At the end of each year and the new year, road traffic accidents will increase. On a quarterly basis, according to the National Bureau of Statistics (NBS) in its road traffic data, 1,668 people were killed in road accidents in the first quarter of 2021; 1,453 in the second quarter; 1,432 in the third quarter; and 1,432 in the fourth quarter. 1,652.
According to statistics, 5,053 people were killed in 2016, 5,121 in 2017 and 5,181 in 2018. Some 5,483 and 5,574 people were killed in 2019 and 2020, respectively, while 2021 saw 6,205 deaths, making it the year with the highest accident rate and death toll.
Specifically, in 2019, the Federal Road Safety Corps (FRSC) reported that 3,134 of the 9,218 road traffic crashes (RTCs) occurred in the last quarter of the previous year, accounting for more than a third.
Overall, Statista recorded more than 11,800 road traffic casualties reported in Nigeria in the fourth quarter of 2021.
In the fourth quarter of 2021, Nigeria’s Ogun state, where the popular Lagos-Sagamem highway is located, had the most road accidents in the country. The state reported around 286 crashes, followed by the Federal Capital Territory (FCT) and Abuja-Kaduna Highway with 280 crashes. In contrast, the states of Bayelsa and Katsina have the lowest rates of road accidents.
According to the Office of National Statistics, regionally, the north-central region had the highest number of road accidents during the year with 4,056, followed by the southwest region with 3,451. A breakdown of the data shows the north central region recorded a total of 905 road crashes in the first quarter, followed by the south west with 877.
In terms of casualties for the quarter, the Northwest Territories had the most at 3,143, followed by the North Central Territories. Also in the second quarter, the North Central recorded 1,015 crashes, while the Southwest recorded 876. Casualties in the north-central region stood at 3,006, the highest on record.
Meanwhile, there were 1,041 crashes in the North Central region during the third quarter, followed by 822 in the Southwest. “In terms of casualties, the north-central region was highest at 2,963, followed by the south-southern region at 2,237,” the ONS added.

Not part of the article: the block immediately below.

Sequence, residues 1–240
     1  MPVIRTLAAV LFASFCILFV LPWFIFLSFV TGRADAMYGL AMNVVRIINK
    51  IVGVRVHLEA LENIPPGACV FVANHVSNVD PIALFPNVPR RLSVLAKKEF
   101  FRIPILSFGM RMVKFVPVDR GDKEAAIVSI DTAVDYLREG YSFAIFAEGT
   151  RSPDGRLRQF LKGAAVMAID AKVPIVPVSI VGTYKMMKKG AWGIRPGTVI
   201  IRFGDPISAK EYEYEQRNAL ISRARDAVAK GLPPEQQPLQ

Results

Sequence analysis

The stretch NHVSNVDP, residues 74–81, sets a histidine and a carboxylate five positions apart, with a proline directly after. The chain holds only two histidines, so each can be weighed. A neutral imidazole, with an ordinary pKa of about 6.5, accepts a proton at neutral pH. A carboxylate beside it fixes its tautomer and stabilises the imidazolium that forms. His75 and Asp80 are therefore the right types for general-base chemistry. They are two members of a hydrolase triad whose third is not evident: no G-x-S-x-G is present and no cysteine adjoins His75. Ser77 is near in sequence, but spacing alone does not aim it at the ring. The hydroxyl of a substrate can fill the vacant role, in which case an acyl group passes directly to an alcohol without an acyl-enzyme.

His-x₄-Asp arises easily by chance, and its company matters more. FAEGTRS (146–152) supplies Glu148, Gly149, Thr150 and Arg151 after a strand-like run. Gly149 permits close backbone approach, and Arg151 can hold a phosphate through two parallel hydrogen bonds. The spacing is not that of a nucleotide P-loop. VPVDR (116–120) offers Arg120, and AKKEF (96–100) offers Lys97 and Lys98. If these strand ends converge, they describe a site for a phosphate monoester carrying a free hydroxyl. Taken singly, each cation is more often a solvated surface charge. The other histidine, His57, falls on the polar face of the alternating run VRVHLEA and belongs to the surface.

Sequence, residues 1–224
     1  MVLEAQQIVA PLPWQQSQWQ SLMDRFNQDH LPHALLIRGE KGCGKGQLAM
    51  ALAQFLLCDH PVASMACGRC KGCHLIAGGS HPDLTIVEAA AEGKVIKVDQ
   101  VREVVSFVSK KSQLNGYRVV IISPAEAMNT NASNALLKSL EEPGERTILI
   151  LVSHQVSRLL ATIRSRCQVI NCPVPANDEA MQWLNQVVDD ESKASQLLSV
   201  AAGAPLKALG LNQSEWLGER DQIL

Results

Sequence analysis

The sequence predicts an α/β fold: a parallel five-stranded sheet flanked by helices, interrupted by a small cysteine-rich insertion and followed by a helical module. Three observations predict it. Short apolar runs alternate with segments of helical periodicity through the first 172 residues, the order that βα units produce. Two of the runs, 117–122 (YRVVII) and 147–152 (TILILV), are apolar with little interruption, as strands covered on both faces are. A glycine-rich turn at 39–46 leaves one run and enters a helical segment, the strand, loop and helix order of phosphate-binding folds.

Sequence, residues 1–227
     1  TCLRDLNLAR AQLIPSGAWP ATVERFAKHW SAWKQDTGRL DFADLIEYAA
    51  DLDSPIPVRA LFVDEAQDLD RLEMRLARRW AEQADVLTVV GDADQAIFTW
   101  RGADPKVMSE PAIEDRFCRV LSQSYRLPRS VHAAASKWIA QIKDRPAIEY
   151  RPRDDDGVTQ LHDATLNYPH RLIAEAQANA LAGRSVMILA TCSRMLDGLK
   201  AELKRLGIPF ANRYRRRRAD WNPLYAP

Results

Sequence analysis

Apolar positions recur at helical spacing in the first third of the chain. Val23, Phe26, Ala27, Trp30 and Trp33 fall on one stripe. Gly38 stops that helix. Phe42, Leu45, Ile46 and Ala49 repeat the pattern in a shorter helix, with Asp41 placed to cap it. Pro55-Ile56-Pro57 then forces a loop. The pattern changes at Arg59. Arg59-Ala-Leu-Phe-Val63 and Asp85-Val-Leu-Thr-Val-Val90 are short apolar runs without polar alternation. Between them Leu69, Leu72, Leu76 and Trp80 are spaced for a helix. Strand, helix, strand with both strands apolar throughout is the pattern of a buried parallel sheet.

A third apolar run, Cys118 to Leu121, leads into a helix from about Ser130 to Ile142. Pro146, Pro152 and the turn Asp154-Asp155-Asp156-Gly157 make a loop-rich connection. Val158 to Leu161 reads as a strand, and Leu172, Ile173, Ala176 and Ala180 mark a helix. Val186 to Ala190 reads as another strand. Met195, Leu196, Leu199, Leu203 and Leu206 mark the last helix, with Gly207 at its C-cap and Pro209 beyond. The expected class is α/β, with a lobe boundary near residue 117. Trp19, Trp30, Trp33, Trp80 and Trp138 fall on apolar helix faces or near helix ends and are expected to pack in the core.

In the fourth quarter, the North Central recorded 1,095 road crashes and 3,663 fatalities. Additionally, 876 road accidents were recorded in the South West during the quarter.
The National Bureau of Statistics also disclosed that in the first quarter of 2021, there will be a total of 5,193 vehicles in road traffic accidents.
The increase in accidents this time of year and New Years is due to the surge in family, individual and group travel to reunite with loved ones and the consequent surge in business/trade activity. Interstate and intrastate travel generally increases.
This can lead to seasonal highs in unlicensed or reckless drivers, some driving under the influence of alcohol (DUI).
Road traffic officials attribute speeding violations as the most common cause of road accidents. This is followed by sign violations and wrong and dangerous overtaking.
Therefore, drivers should learn and practice defensive driving and master road traffic laws to ensure the safety of everyone, including pedestrians. Additionally, vehicles must be serviced prior to each trip.
The poor condition of our roads should also be improved. Efforts should be made to fix really bad parts of the road and road safety officials should be able to check for reckless driving on the motorways.
FRSC should step up surveillance and patrols to protect roads and road users. They must work hard to prevent recklessness, overloading and speeding. It must not be a season of dread, but a time of perpetual joy and celebration.
In addition, Nigerian National Petroleum Corporation (NNPC) Limited, Nigeria Midstream and Downstream Petroleum Regulatory Authority, Nigerian Union of Oil and Gas Workers (NUPENG), Independent Petroleum Marketers Association of Nigeria (IPMAN), Association of Major Petroleum Marketers of Nigeria (MOMAN) , Oil depot operators, etc. must work together to ensure a seamless supply of fuel across the country, and prevent drivers from carrying vehicles to refuel. Under no circumstances should private or commercial vehicles accept the temptation to carry dangerous and flammable materials as fuel.
To ensure that accident victims receive the care they need, Nigerians should embrace the culture of donating blood at blood banks as insufficient blood transfusions lead to traffic accident victims dying of anemia.